Will Wireless Networks Ever Be as Fast as Wired?


My introduction to computer networks came by way of a rented PC and a dial-up modem. Way back then, connecting to a network consisted of dialing the number of a local bulletin board and letting my computer connect with theirs. That was a long time ago. Today, everything is much faster. Wireless is also the preferred protocol.

Internet cable, RJ-45 plug on laptop keyboard. High speed fiber optic internet concept

Thinking about that got me wondering whether wireless networks will ever be as fast as their wired counterparts. First, let me say that anything is possible. I will not say it will never happen. But there are several core issues I think make it highly unlikely that wireless networks will ever be as fast.

1. Signal Interference

Every data transmission involves some measure of interference. In the industry, we call it ‘noise’. Wireless networks have built-in technologies to reduce this noise. However, not all of it can be reduced or eliminated.

Wired networks are inherently less noisy. A wired network is a closed network subject to a lot less interference along its entire length. With less interference to deal with, data transfers are faster and more accurate. To date, there is just no way to clean up a wireless signal enough to make it comparable to a wired data transmission.

2. Latency Issues

The amount of delay involved in transmitting data over a network is known as latency. All networks, both wired and wireless, suffer from latency to some degree. It is just that wireless networks suffer more than wired ones.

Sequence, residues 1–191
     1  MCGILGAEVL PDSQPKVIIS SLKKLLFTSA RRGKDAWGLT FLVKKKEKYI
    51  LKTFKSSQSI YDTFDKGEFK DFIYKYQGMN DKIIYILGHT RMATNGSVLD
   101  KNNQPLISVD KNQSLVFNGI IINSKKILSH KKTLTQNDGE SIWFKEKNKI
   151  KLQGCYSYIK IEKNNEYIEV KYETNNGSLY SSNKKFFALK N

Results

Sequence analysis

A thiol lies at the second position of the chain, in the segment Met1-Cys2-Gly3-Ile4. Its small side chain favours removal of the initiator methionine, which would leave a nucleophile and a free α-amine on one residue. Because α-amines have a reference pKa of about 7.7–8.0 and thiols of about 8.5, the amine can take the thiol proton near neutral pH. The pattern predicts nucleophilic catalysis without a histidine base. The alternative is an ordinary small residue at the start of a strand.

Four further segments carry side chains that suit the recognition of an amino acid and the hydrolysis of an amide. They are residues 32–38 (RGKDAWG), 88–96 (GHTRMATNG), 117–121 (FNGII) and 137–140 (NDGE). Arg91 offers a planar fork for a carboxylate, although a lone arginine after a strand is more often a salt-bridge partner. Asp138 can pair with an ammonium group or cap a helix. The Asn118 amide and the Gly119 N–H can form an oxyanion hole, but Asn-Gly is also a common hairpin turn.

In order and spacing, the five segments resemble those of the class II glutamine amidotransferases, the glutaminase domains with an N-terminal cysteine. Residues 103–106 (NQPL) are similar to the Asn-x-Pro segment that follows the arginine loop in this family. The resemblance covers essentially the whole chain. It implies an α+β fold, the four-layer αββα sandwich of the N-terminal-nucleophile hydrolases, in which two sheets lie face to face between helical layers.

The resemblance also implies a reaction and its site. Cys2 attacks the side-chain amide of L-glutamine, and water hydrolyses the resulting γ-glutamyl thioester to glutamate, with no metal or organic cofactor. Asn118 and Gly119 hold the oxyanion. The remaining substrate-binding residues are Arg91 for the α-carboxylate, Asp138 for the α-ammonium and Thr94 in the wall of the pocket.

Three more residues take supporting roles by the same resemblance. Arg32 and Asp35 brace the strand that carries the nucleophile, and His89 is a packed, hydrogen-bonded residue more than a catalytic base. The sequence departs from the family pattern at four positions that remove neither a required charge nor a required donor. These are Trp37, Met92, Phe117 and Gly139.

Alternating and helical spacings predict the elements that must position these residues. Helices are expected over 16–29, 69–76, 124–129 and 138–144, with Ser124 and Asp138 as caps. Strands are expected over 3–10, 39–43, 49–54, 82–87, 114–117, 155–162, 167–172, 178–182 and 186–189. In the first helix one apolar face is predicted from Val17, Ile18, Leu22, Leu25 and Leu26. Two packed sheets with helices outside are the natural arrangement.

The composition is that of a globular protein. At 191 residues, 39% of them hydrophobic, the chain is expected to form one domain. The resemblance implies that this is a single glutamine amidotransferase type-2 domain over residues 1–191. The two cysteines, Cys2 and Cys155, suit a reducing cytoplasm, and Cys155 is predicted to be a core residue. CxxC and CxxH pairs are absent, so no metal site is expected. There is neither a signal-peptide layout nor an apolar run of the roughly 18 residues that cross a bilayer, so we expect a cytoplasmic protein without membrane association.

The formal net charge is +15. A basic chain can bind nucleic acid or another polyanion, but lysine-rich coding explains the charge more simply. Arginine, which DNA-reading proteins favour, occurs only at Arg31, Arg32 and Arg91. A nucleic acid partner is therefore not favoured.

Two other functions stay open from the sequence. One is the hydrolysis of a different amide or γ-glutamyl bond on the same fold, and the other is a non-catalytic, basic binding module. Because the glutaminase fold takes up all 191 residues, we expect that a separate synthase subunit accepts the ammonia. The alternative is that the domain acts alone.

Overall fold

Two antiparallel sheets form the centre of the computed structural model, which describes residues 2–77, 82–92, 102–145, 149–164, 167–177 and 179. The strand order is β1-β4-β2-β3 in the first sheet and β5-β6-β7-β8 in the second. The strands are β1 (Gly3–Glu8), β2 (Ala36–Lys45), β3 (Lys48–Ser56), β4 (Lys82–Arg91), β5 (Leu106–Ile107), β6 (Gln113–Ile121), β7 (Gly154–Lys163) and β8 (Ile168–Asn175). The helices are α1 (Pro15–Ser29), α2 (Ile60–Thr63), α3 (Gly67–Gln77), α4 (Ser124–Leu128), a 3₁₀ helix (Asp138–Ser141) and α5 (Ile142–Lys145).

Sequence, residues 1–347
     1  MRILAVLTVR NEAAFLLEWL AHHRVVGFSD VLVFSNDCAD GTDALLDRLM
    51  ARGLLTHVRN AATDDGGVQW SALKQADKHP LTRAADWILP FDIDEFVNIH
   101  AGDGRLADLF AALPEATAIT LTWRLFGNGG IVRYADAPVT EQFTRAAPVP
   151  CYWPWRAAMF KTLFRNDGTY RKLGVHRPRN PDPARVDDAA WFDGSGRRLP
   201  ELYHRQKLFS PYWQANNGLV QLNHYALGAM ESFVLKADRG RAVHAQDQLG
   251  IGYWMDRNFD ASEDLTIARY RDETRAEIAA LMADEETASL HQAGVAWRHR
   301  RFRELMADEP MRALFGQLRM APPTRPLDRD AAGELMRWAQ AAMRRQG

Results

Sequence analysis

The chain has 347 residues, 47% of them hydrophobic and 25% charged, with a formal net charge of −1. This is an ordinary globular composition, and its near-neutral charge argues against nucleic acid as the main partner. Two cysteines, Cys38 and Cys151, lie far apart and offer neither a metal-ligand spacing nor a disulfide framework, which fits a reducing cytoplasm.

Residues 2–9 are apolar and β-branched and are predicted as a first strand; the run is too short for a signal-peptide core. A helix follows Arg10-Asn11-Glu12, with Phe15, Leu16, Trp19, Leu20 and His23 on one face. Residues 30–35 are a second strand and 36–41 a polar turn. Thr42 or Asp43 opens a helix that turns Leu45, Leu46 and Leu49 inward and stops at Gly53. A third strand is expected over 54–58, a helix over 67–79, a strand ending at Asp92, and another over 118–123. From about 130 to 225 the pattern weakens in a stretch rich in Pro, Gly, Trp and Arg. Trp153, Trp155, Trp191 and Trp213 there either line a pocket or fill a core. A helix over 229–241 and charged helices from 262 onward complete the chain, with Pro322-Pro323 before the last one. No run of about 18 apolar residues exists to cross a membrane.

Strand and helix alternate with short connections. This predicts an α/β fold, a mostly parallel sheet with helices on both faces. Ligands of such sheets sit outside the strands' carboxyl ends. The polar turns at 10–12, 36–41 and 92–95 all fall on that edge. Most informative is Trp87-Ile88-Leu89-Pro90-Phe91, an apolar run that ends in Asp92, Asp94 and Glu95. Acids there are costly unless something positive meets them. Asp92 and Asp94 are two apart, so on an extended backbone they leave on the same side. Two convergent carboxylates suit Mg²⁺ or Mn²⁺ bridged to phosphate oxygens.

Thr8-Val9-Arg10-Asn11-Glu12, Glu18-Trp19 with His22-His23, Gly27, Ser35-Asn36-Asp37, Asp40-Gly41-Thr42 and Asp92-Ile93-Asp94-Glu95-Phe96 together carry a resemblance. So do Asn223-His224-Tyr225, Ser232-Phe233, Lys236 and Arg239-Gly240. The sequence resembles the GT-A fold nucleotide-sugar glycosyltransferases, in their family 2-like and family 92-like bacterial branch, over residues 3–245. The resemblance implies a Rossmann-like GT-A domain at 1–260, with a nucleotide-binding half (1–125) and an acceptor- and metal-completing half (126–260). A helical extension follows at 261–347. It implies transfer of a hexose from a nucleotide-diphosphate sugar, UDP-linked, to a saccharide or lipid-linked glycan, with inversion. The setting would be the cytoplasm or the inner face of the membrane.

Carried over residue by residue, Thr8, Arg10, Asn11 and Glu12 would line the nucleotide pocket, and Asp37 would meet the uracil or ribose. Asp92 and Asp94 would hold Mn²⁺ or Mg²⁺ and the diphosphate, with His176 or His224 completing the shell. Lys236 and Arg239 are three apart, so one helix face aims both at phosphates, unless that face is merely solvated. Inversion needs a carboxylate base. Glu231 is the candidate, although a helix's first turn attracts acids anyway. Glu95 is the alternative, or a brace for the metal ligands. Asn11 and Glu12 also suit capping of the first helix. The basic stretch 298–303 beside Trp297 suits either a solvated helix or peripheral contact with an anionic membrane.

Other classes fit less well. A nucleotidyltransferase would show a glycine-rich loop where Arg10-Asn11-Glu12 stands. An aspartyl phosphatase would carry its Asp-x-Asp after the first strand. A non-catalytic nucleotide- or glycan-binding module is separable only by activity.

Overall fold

Consider rural wireless internet. Blazing Hog is a Houston company that provides service through 4G technology. Their 4G rural internet is subject to the same latency you would expect from a 4G smartphone.

Likewise, satellite internet also suffers from latency issues. But with satellite, the latency tends to be greater than with 4G. Why? Biggest signals have traveled much farther under a satellite arrangement.

Wired signals also need to travel great distances. But they travel a lot faster because they are in a contained environment. It is comparable to sending water through a hose as opposed to trying to throw it through the air.

3. Environmental Influences

The icing on the cake is the environment. Both interference and latency are affected by all sorts of environmental influences ranging from weather to geography and man-made objects.

Going back to Blazing Hog for just one minute, its service operates pretty reliably in most areas. But things like mountains and forests can interfere with cell signals. Likewise, satellites are often disrupted by bad weather. A severe thunderstorm can knock out satellite internet for minutes or hours.

Once again, wireless networks are less influenced by the surrounding environment because they are closed networks. Data flows through fiber-optic cables, copper cables, or old-fashioned copper wires. In every instance, the cables or wires are wrapped in a protective plastic sleeve.

As long as cables or wires are not broken and have a sufficient amount of current running through them, data flows freely. Transmission is not interrupted by storms, wind, tall buildings, or anything else.

Both Will Get Better

It is reasonable to assume that both wired and wireless networks will continue to get better over time. Just in the last 20 years, we have gone from copper phone lines to fiber-optic cables for wired connections. Wireless has evolved through four generations of technology; we’re now up to 5G.

Despite improvements in both, it is hard to imagine a time when wireless networks will be as fast as their wired counterparts. Their very nature defies that possibility on multiple levels. I may eventually be proved wrong, but I doubt it.

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